Figures produced by blockchain analytics firm Glassnode show that long-term Bitcoin holders have added substantial sums of BTC since markets dropped by nearly half since the middle of April 2021.
This suggests that investor dollar-cost (or pound-cost, or euro-cost) averaging into the world’s largest cryptocurrency has intensified, not weakened after its fall from the heady all time highs of $64,181.
Long-term holders added 741,363 BTC (~$21.1bn) to their holdings since the initial price drawdown in April. Glassnode, incidentally, classifies a Long Term Holder as an address which has not spent its bitcoin within 155 days.
Bitcoin is cheap and Long-Term BTC Holders know it.— William Clemente III (@WClementeIII) June 28, 2021
They've added 741,363 BTC to their holdings since the initial price drawdown in late May.
*note: some of this is STHs aging into LTHs pic.twitter.com/1PfiHotjOK
For context, Bitcoin breached $30,000 for the first time in its history on 2 January 2021. The cryptocurrency broke through the $20,000 barrier for the first time on 16 December 2020.
The 2021 bull run has dwarfed 2017, which was Bitcoin’s first real exposure to the mainstream.
Market prices might show the sector in a lull, but deal activity on the private side is absolutely exploding. This week, Andreessen Horowitz (a16z) launched a $2.2bn fund to invest in cryptoassets and startups in the space.
Early reports suggested a16z was targeting a $2bn total for Crypto Fund III — by far the largest on record and an absolutely massive capital accumulation — but the final figure still came in a 10% over that mark.
For reference, the venture giant’s last major investment was Crypto Fund II, launched in April 2020, and extended to $515m. So this announcement more than quadruples a16z’s total investment just 12 months on.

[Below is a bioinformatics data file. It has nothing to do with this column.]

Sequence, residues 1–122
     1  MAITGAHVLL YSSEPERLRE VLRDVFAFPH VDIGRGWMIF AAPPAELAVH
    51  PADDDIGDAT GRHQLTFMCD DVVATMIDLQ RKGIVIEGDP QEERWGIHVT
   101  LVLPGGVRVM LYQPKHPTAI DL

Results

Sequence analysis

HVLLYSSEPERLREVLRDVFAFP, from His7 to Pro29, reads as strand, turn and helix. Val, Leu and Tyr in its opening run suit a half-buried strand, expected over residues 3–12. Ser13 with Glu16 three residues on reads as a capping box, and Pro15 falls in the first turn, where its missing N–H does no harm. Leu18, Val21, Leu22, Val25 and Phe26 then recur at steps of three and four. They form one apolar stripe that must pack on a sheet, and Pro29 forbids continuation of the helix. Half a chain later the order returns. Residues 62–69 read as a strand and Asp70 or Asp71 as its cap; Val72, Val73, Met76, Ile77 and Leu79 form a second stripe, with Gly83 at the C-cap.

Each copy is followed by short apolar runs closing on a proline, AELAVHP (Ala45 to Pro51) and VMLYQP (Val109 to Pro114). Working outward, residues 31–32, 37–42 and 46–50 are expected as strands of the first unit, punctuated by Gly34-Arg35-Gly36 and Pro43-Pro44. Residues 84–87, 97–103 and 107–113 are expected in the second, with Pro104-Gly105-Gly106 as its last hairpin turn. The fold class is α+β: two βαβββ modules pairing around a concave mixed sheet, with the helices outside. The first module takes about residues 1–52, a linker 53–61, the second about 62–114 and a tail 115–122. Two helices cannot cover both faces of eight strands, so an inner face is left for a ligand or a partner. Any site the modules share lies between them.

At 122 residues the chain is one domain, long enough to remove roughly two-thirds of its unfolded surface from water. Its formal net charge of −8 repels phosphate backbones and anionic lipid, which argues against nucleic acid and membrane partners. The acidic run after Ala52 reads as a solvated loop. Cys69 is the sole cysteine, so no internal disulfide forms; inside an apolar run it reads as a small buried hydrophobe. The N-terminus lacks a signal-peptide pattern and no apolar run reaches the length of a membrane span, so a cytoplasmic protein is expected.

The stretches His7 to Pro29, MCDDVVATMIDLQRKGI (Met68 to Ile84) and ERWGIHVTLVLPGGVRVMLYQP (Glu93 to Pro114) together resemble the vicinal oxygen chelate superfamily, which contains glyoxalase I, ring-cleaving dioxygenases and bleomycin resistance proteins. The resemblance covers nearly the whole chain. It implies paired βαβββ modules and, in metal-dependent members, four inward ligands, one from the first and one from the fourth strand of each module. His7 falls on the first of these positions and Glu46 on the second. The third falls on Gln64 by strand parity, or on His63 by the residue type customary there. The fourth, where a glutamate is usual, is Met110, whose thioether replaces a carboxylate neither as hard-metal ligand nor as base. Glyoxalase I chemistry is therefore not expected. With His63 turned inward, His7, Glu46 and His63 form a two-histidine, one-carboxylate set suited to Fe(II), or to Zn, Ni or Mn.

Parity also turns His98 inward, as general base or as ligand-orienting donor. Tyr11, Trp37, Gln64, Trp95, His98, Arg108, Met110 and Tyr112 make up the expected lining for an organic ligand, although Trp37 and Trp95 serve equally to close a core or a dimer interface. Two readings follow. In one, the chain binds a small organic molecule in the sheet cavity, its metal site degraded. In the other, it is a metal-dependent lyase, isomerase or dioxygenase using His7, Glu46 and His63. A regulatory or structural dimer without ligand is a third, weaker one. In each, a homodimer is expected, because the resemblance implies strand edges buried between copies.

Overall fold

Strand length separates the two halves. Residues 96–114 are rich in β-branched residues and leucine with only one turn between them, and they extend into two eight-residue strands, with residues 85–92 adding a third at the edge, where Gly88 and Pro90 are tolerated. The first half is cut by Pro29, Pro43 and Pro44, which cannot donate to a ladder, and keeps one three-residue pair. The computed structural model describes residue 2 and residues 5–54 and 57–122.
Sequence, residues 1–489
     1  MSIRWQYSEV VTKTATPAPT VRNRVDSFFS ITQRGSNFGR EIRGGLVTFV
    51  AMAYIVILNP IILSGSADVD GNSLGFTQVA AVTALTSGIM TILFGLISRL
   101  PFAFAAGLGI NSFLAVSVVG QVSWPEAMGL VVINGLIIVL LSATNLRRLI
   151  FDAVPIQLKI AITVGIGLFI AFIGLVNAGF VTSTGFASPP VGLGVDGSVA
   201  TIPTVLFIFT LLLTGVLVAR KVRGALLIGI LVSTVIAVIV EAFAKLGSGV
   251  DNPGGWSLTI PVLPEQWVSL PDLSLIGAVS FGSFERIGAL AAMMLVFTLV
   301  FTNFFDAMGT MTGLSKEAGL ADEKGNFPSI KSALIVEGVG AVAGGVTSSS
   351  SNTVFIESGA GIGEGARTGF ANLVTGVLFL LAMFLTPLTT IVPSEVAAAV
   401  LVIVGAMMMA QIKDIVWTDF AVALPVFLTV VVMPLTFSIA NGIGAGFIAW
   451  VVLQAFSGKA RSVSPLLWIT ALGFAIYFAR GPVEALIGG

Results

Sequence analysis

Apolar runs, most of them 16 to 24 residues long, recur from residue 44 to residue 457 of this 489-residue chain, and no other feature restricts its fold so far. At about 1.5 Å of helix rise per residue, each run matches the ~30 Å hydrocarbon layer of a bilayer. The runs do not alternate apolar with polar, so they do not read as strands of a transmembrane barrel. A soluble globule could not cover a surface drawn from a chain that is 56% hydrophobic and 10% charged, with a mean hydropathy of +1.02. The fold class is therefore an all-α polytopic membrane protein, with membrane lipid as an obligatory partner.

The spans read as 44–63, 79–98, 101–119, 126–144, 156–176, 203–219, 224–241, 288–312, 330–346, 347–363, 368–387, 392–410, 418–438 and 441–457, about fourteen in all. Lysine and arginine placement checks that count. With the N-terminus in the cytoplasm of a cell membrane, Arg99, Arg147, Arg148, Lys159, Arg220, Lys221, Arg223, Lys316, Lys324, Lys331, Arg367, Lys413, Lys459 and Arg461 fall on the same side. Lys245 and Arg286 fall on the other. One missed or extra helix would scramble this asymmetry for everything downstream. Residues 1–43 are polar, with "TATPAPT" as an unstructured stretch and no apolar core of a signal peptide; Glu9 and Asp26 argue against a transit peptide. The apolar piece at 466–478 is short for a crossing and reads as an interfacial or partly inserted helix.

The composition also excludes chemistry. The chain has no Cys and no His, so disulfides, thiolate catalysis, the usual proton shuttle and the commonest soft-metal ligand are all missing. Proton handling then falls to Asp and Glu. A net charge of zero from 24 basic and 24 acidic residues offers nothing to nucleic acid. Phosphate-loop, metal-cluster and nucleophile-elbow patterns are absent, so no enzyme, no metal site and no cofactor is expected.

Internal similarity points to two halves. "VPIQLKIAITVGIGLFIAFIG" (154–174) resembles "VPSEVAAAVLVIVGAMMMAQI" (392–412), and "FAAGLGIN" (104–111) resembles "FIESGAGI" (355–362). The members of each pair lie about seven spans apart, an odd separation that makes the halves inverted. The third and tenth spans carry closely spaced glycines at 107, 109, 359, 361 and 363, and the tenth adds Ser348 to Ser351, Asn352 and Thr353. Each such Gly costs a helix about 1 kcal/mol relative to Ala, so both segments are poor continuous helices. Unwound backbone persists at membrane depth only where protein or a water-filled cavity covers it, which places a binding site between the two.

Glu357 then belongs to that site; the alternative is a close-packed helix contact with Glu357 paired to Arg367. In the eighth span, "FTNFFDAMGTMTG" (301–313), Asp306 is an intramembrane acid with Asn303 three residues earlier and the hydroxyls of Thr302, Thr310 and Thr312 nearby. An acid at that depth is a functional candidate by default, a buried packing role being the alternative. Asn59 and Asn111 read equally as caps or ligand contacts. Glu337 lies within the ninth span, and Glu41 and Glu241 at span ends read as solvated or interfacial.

As per usual, we don’t look to spot prices or retail to tell us where the space is headed. We look to the deal-makers, the movers and the shakers: those putting their hands in their pockets and finding billions to build infrastructure.
Bloomberg reported how the investment figures stacked up against previous years, as cash cascades into the space. According to Pitchbook data, VC funds have already put $17bn into crypto companies so far in 2021.
This is by far the most invested in a single year, and almost equal to the total raised in all previous years combined.
The largest deal, of course, runs back to May 2021 when a new $10bn capital raise by the likes of billionaires Peter Thiel and Alan Howard, along with Galaxy Digital and Nomura, backed Bullish Global, a cryptoasset exchange with a focus on DeFi.
That 11-figure sum is the largest raise in industry history, according to the Financial Times.
Hardware wallet producer Ledger had the second-largest raise of the year, with $380m added by backers led by Connecticut’s 10T Holdings.
And even ignoring the $10bn raise, the remaining $7.2bn that has flowed into the space in VC funds would already be on par with the previous record of $7.4bn raised in 2018, with six months still to go in the year, Bloomberg noted.
Former chief of the US federal bank regulator, Brian Brooks, always had a tough job on his hands when he switched from poacher to gamekeeper, turning away from government to private enterprise to become the head of Binance US.
Binance is one of the world’s largest retail cryptocurrency exchanges by trading volume, as it repeatedly points out. It has bought out industry-standard data provider CoinmarketCap.com on its quest for world domination. And the Cayman Islands-registered business that started in China has been running trading services across the globe without the explicit permission of regulators.